And it's not just them. While religious people may tend to be the most death-fearing, it's because of the beliefs they have that bring equal relief. Even atheists, who choose not to believe in any deity, have a certain calmness about them, because they believe they know what's going to happen in the end. There are people who are fine with their own mortality, and simply worry about those who will be left behind, more than anything else. There are people who even welcome death, those who have been in palliative care for a long while, who signs those 'Do Not Resuscitate' forms simply because they believe they've lived long enough.
So just who, exactly, is afraid of death?
Old? Young? Religious? Non-religious? White? Black? Majority? Minority? Male? Female?
Disparities In Death
But while Death treats everyone equally, no matter the standing, it's clear that there are certain groups that die at a faster rate than others. More often than not, the people who die are often affected by racism, prejudice, disease, and poverty. People who are impoverished have higher mortality rates, whether it be in the slums or in less developed countries. This can be due to a number of factors, from a lack of access to proper healthcare, government corruption, pollution, ect. For example, minorities in America, such as African Americans and Hispanics, have a higher mortality rate than Whites.
But there's more to these disparities than statistics. These disparities reflect a larger, more prevalent issue in social justice, whether it be racism, prejudice, discrimination, or sexism. Our arrogant attitudes towards one another may contribute to these disparities. Actions like bullying can push someone over the edge, to the point where tragedies result in ways no one can imagine. It's the reason why there are so many movements advocating against these actions. Teens Against Bullying is an organization dedicated to stopping all types of bullying, virtual or not. Black Lives Matter is a movement that has actively been protesting against systematic corruption, corruption that has resulted in the loss of many lives. The National Suicide Prevention Line is a line that helps people who are thinking about suicide. The Nation's Leading Grassroots Voice on Domestic Violence is an organization that fights domestic abuse, endeavoring to save the lives of many from violence.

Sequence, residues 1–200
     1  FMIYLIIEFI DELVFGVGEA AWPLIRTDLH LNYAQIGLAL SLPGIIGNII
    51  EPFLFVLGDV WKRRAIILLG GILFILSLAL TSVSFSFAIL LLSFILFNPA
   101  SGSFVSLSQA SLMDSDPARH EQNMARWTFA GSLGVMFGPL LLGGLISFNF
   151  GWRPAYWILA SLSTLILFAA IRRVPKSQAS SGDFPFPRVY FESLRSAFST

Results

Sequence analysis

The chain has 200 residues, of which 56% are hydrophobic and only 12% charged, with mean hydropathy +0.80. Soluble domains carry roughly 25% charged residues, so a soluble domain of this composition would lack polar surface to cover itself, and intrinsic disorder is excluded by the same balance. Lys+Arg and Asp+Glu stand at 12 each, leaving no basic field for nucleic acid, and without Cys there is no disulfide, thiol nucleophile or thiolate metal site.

These actions have shown that Death, in and of itself, isn't the issue. What is the issue though, is that people's lives are getting cut short, that innocence is being degraded and destroyed. But more than that, it shows that people do, in fact, know that Death is apart of life, yet in order to have a meaningful death, they must also have a meaningful life.
So Should We Be Afraid of Death?
We all know we're going to die someday, regardless of what we believe, where we are in the world, or even the type of healthcare we have. After all, it is just a matter of time. Whatever miracle products there are, or the immortality paranormal romance often illustrates, we can't stave off that inevitability.
However, there are things we can do to help us cope with our death. We can spend time with our friends and family, and make sure they're alright. We can pursue our passions, and make sure we can help whatever we can. We can follow these disparities and fight for the rights that everyone should have.
Just remember that while there are people who fear death, there are just as many who embrace it. Whichever you fall under however, use those emotions to better yourself, and the lives around you.